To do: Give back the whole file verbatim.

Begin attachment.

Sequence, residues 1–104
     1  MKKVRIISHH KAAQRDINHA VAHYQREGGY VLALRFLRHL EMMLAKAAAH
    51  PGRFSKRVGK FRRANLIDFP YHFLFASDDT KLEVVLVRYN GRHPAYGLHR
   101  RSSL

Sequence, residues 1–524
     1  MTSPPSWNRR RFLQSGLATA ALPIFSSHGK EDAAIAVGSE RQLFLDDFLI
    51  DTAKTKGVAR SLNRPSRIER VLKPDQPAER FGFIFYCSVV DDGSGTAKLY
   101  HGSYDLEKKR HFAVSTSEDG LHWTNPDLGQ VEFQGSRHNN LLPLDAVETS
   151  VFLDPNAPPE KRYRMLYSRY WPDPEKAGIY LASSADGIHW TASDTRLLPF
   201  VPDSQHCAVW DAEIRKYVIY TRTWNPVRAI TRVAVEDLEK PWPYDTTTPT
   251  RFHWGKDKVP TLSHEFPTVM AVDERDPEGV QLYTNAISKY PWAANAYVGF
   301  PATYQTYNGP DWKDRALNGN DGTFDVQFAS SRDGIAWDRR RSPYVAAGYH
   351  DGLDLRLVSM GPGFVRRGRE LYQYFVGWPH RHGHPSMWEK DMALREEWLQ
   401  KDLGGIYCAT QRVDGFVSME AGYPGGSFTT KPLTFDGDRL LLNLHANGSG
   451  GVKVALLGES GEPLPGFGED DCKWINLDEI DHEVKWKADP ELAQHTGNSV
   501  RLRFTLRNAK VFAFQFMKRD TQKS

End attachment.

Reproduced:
Sequence, residues 1–104
     1  MKKVRIISHH KAAQRDINHA VAHYQREGGY VLALRFLRHL EMMLAKAAAH
    51  PGRFSKRVGK FRRANLIDFP YHFLFASDDT KLEVVLVRYN GRHPAYGLHR
   101  RSSL

Sequence, residues 1–524
     1  MTSPPSWNRR RFLQSGLATA ALPIFSSHGK EDAAIAVGSE RQLFLDDFLI
    51  DTAKTKGVAR SLNRPSRIER VLKPDQPAER FGFIFYCSVV DDGSGTAKLY
   101  HGSYDLEKKR HFAVSTSEDG LHWTNPDLGQ VEFQGSRHNN LLPLDAVETS
   151  VFLDPNAPPE KRYRMLYSRY WPDPEKAGIY LASSADGIHW TASDTRLLPF
   201  VPDSQHCAVW DAEIRKYVIY TRTWNPVRAI TRVAVEDLEK PWPYDTTTPT
   251  RFHWGKDKVP TLSHEFPTVM AVDERDPEGV QLYTNAISKY PWAANAYVGF
   301  PATYQTYNGP DWKDRALNGN DGTFDVQFAS SRDGIAWDRR RSPYVAAGYH
   351  DGLDLRLVSM GPGFVRRGRE LYQYFVGWPH RHGHPSMWEK DMALREEWLQ
   401  KDLGGIYCAT QRVDGFVSME AGYPGGSFTT KPLTFDGDRL LLNLHANGSG
   451  GVKVALLGES GEPLPGFGED DCKWINLDEI DHEVKWKADP ELAQHTGNSV
   501  RLRFTLRNAK VFAFQFMKRD TQKS